[Editor's Note: Since the April issue of Investment Advisor went to press, Senator Chris Dodd's financial services reform bill has advanced in the Senate. Visit the News section of InvestmentAdvisor.com for the latest developments.]
With Senate Banking Committee Chairman Christopher Dodd’s (D-Connecticut) sweeping financial services reform bill released on March 15, the full Senate Banking Committee began marking up the revised “Restoring American Financial Stability Act of 2010″ the week of March 22 (the same week the House was determined to pass healthcare reform).
Now the true shape of the financial services reform bill will come into full view, as the Banking Committee parses through the bill’s existing amendments and adds new ones.
Despite the fact that Dodd ended bi-partisan talks on his financial services reform bill March 11, he vowed at a press conference on March 15 in which he released his draft legislation that his committee will produce a reform bill this year; Dodd was hoping to finish marking up the bill before Congress broke for Easter recess March 26.
However, Dodd’s Republican counterpart on the Banking Committee, Senator Richard Shelby (R-Alabama), said that while he was optimistic that a bipartisan consensus could be reached, he did not think it would be in a single week. In a statement after the bill was unveiled, Shelby said that “Over the coming days, my Republican Banking Committee colleagues and I will give Chairman Dodd’s proposal the serious consideration it deserves. Given the magnitude, complexity, and importance of this task, it is critical that we have sufficient time for a thorough review.”
How It Looks at Launch
As expected, Dodd’s re-crafted bill includes Senator Tim Johnson’s (D-South Dakota) amendment requiring the Securities and Exchange Commission (SEC) to first study and then use the findings of the study to create rules regarding the obligations of broker/dealers and investment advisors. Johnson’s amendment replaced the original language in Dodd’s bill, which would have required brokers to adhere to a fiduciary standard of care. No doubt advisors and others in the investment advisory community will be anxiously waiting to see whether the controversial amendment proposed by Senator Herb Kohl (D-Wisconsin), which requests that the SEC create an independent oversight board to regulate financial planners, is successfully inserted during mark-up. Bob Glovsky, chair of the CFP Board of Standards, said during a conference call with reporters in mid-March that most members of the Senate Banking Committee, including Dodd, support the Kohl amendment.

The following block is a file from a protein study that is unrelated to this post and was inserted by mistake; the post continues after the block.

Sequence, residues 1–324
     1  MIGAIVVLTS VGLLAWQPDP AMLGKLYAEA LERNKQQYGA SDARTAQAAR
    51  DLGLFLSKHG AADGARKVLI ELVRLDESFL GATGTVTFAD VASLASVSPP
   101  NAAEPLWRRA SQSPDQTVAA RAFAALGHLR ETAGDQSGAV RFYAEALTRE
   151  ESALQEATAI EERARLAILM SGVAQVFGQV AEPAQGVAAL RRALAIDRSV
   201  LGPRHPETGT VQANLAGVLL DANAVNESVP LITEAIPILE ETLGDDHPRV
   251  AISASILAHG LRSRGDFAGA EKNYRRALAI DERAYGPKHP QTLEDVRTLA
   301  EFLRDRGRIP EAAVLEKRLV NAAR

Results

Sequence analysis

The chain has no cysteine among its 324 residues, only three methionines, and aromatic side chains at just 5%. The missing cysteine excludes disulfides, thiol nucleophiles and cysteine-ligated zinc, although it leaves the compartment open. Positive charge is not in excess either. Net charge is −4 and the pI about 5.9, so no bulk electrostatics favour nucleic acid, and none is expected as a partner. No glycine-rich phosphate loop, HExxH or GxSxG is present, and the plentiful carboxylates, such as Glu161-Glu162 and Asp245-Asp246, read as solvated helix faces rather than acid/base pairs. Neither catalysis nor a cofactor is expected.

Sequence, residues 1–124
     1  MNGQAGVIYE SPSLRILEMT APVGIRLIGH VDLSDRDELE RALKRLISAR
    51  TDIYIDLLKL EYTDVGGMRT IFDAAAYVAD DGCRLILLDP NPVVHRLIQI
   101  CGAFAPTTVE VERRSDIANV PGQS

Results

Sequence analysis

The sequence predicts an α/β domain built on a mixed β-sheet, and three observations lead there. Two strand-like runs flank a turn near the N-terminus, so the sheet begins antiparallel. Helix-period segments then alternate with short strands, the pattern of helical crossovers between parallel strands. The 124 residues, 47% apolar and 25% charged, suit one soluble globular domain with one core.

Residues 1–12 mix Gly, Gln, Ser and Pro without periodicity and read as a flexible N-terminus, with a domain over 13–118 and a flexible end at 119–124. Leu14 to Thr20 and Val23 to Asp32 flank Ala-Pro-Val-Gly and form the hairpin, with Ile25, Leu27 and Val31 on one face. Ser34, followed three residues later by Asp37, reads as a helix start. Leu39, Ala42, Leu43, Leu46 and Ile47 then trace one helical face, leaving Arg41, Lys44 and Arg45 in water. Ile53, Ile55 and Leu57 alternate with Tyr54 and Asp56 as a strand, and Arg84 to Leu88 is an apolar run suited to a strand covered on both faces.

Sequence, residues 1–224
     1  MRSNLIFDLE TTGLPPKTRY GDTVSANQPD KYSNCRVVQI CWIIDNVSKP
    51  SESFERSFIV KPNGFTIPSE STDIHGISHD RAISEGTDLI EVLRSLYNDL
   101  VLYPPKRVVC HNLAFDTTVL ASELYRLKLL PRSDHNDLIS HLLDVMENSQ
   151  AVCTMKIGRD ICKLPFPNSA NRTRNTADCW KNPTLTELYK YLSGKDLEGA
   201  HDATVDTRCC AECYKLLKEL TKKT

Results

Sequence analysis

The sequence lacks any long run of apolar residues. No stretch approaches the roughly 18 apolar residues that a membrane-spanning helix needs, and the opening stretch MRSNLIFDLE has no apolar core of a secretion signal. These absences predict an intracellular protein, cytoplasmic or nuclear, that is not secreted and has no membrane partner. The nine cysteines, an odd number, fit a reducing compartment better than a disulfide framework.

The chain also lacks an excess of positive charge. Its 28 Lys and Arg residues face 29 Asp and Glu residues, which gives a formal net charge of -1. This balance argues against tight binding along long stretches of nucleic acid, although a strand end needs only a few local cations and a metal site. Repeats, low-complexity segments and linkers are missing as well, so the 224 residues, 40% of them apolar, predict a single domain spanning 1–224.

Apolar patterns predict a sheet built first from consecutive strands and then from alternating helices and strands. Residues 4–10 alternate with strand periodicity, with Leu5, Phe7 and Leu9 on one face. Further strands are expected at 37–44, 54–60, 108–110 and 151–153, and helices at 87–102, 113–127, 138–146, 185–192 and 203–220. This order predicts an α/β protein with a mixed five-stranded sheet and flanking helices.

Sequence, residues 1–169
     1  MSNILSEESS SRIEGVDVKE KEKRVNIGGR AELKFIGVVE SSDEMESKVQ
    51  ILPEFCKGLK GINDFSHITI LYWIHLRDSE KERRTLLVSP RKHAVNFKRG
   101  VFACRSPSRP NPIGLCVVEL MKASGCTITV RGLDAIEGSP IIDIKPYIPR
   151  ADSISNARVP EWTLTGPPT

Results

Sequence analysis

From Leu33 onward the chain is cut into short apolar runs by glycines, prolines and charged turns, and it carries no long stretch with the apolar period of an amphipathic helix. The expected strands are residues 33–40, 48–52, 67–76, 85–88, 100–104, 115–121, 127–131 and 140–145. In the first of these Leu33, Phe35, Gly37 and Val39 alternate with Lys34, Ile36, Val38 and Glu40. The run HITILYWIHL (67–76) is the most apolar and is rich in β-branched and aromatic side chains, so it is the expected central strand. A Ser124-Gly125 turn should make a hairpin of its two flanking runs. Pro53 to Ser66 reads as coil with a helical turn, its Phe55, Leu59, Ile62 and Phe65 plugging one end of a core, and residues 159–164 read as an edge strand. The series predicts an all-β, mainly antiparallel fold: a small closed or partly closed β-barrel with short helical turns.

Knut Rostad, chairman of the Committee for the Fiduciary Standard, which lobbied hard against the Johnson amendment, arguing that it duplicated past efforts by the SEC, says that “all of the other fiduciary measures will not stop” because the Johnson amendment is part of Dodd’s bill. “We will continue to see brokers and advisors moving toward the [fiduciary] standard,” he says.
Kristina Fausti, director of legal and regulatory affairs for Fiduciary360 (Fi360), and a former SEC staff attorney, agrees that the “SEC is very interested in the fiduciary issue,” specifically through measures being pursued by the SEC’s Investor Advisory Committee, which was set up last June to give investors a greater voice in the Commission’s work.
Don Trone, CEO of Strategic Ethos and former head of Fiduciary 360, agrees that the fiduciary standard will continue to flourish. “The major wirehouses have started fiduciary divisions (top brokers who are permitted to acknowledge fiduciary status) and the national and regional B/Ds continue to expand the use of dual registration,” Trone says. Even without enabling legislation, “my sense is that the industry will continue to move prudently in the direction of a fiduciary standard.”